Tag Archives: Movie theater

10 best movies I’ve seen this year and you have actually seen

10 Jan
The Dark Knight Rises

The Dark Knight Rises (Photo credit: Wikipedia)

I would just like to point out that I’m not made of money so I have not seen movies like beasts of a southern wild and Armour. Those movies tend to play in Boston which is a 45 minute drive and then parking  is$20 so it ends up being a $40 trip.  I tend to stay at a theater near me that is also a very nice theater but only plays mainstream movies. I have seen some not all of the Oscar contenders like most people.

10. Moonrise Kingdom- The movie is Wes Anderson at his most quirky.The movie’s adult characters are all played by excellent actors and all are sort of idiotic but, are still likeable characters.  There is also a heartwarming romance between two young and troubled kids.

9. Ted- Hands down the funniest movie of the year and features one of Mark Wahlberg’s most charismatic  performances of his career.

8. The Avengers- The years biggest blockbuster is also the most entertaining movie of the year.

7. Django Unchained- If I was Ranking Tarantino movies. This would be the 2nd worst behind only Jackie Brown. The good news is that I’ve never given a Tarantino movie less than ***1/2 stars.

6. The Cabin in the Woods- A funny movie that hilariously and lovingly mocks horror movie cliches.

5. Silver Linings playbook- I went into this skeptical that this would be a Weinstein oscar manipulation movie but instead it’s a funny movie with a charismatic performance by Bradley Cooper who gets annoyingly overshadowed in the praise for this movie. He is in every scene of this movie. The reason he gets overshadowed in praise is his starring in a certain film franchise where a naked Asian guy jumps on him from the trunk of a car which is a damn shame.

4.  Skyfall- I’m loving mainstream movies making the change from tongue in cheek cheesiness to dark, serious, character focused movies. I know the dark knight trilogy started this trend but Skyfall used this form of dark blockbuster storytelling to better results.

3.  Looper- I remember reading an article declaring us in the golden age of genre movies. I agree completely with this years science fiction time travel movie Looper and last years Drive. This movie also includes my favorite line of the year. “I don’t want to talk about time travel or we’re going to be here all day making diagrams out of straws.” This line hilariously addresses the main flaw with most movies and TV shows (Lost) that use time travel. They take way too much time using exposition to explain the rules of time travel.

2. Argo- Ben Affelck not nominated for best director is a joke. Funny, thrilling, and a tad just a tad educational.

Movies I wished I placed at #1 but disappointed- The Hobbit or The dark Knight Rises

The real #1:

1. Lincoln- This movie is getting criticized for being too talky, why are people criticizing a movie that features one of best acted movies I’ve ever seen. I also think Spielberg found the perfect balance of historical accuracy and his patented majesty. I’m glad he didn’t go all out majestic since the movie is about a person Spielberg could have went all out majestic with. Thanks to a more grounded script Spielberg was able to add majestic moments in between more historically accurate depictions of the abolition of slavery.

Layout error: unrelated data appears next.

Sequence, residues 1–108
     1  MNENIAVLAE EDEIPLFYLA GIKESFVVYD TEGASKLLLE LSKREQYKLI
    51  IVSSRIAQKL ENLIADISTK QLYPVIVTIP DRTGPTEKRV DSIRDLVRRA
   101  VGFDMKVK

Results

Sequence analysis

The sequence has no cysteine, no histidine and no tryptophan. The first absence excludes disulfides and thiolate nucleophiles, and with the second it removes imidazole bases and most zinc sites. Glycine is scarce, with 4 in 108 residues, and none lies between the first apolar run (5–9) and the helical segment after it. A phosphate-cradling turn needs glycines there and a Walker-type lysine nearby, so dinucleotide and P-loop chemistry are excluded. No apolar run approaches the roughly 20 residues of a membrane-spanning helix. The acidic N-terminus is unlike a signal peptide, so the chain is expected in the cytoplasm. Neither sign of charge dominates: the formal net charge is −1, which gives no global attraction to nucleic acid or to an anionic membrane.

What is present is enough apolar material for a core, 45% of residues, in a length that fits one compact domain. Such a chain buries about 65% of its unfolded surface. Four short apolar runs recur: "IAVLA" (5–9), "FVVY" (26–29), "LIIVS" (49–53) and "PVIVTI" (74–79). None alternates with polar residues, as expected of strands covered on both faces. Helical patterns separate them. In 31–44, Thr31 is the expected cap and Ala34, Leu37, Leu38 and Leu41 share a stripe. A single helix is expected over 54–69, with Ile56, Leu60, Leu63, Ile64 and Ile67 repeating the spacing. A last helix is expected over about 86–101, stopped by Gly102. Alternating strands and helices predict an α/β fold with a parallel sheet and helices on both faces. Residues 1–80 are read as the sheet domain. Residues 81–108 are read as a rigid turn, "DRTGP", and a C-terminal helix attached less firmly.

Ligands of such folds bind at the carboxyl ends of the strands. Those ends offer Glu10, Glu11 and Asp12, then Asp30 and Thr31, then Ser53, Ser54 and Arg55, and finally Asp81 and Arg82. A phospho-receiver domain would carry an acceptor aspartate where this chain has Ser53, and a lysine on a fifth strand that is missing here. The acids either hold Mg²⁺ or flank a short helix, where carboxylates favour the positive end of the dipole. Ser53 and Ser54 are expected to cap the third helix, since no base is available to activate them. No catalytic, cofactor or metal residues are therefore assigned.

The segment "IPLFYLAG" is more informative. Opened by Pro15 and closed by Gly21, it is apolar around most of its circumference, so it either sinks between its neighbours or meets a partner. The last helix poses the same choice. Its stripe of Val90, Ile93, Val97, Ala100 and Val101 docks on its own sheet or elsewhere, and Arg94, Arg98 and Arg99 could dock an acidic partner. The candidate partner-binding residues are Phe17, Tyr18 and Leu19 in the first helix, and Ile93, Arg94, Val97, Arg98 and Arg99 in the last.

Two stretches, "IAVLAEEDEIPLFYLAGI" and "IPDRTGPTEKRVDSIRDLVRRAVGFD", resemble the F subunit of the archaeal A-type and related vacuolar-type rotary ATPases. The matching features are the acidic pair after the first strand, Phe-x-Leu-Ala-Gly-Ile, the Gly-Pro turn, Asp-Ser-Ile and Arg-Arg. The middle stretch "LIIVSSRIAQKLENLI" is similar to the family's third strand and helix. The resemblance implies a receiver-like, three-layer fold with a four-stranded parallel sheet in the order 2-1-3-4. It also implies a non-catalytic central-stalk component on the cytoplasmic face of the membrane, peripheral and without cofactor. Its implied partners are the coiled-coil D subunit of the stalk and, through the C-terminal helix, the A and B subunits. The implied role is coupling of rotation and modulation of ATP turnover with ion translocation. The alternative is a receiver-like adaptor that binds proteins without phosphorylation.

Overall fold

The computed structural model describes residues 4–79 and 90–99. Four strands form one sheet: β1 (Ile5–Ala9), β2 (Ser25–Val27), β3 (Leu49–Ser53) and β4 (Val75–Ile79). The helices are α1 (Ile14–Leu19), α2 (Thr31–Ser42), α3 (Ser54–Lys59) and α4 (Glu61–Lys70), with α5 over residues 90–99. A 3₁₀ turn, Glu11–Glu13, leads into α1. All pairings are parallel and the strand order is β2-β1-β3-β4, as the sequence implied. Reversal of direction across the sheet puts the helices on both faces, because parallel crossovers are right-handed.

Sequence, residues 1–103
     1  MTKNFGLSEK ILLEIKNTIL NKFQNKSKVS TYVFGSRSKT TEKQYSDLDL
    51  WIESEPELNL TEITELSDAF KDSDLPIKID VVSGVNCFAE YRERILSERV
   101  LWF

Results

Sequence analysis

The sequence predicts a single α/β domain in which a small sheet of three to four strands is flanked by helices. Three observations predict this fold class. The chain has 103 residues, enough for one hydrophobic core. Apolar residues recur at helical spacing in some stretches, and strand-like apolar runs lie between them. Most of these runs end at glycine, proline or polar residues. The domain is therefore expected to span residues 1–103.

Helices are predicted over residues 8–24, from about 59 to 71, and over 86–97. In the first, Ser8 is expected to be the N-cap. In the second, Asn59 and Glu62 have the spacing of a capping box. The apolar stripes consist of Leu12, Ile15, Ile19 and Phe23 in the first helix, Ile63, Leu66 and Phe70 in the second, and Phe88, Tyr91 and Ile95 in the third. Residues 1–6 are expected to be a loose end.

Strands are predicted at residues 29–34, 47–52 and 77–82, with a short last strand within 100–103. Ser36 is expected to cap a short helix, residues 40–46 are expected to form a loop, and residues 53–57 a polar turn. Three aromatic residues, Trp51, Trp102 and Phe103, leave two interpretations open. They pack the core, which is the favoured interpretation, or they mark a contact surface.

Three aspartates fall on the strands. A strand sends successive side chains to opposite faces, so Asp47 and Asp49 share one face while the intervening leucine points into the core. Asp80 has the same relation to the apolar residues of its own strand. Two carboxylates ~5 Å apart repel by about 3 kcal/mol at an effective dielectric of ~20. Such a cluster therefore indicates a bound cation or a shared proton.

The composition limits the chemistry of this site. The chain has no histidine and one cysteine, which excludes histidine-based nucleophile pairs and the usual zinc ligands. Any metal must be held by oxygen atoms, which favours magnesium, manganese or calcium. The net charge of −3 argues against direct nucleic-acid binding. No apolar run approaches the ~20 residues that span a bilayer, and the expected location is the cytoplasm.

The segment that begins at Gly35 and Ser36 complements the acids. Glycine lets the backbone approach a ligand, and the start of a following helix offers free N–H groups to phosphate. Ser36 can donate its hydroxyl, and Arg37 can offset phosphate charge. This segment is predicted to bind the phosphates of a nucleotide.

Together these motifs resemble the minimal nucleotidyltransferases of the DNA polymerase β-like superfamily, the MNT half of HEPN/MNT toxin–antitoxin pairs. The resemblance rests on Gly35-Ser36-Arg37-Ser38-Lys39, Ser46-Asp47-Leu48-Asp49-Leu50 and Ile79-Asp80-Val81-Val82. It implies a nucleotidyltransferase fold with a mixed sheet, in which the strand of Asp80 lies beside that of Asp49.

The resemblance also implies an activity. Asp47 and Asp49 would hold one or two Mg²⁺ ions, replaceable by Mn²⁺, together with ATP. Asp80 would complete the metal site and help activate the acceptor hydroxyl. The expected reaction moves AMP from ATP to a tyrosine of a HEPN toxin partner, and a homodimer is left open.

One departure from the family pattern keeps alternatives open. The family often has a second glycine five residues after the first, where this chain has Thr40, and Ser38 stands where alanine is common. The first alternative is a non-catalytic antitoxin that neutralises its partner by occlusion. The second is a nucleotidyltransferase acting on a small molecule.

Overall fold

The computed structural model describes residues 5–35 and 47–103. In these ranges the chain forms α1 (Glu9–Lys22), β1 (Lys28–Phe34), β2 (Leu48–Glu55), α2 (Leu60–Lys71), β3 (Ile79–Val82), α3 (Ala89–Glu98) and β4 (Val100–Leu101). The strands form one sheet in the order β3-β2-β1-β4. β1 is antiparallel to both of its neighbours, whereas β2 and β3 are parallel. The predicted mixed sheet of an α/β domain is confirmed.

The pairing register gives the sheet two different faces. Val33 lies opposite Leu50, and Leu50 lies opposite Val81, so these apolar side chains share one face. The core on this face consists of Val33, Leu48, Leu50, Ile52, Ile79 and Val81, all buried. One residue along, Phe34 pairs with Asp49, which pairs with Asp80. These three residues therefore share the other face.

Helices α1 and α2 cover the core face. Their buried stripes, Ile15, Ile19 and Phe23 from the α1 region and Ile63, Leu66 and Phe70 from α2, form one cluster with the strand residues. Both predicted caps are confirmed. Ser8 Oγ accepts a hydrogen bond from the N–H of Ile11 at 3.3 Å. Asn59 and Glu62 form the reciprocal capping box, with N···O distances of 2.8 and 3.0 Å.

Movies I’m ashamed I haven’t seen yet: Life of PI, Zero Dark Thirty, The Artist (from last year),

Movies I can’t believe I’ve seen instead of those movies: Snow White and the Huntsman, Taken 2, Men in Black 3,

Most Disappointing movies of the year: 1. The Hobbit (Make this one movie and it probably is a classic), 2. The Dark Knight Rises(Way too many plot holes), 3. Prometheus (Damon Lindelof should be asked to write only the beginning of a movie or TV show and bring in someone who will actually answer the questions he asks.)


My Collections

27 Nov

The person with the closed eyes is me, Tom Atkinson. I do consider myself both a box office nerd and movie nerd in general.  I love watching movies, going to the movies, and talking about movies. I feel like over the course of this blog I’ve explained my love for movies. I feel that I should now show you my love for movies by showing some movie items that are special to me.

Here is a ticket stub from the Steven Spielberg film I saw this weekend, Lincoln. Most people, once they get the ripped stub, throw it away. I do something different.

I collect them. In 2006 I had just seen Click, not a great movie but significant in my creation of the stub wall. After seeing the movie, I  put the  annoying to carry around ticket stub by  my window in my room.  After the ticket stub staying there awhile, the sun had degraded it. I found the look of the stub to be cool so I decided to just keep it.

At the time I wasn’t aware of the possible future sentimental reasons for keeping the stub. I realized that these stubs could have symbolic and sentimental meaning. These ticket stubs could become the equivalent of taking a picture. These ticket stubs could essentially freeze a moment in time: instead of it just being used to gain entrance into a theater, the stub could offer memories of an experience had while attending the movie.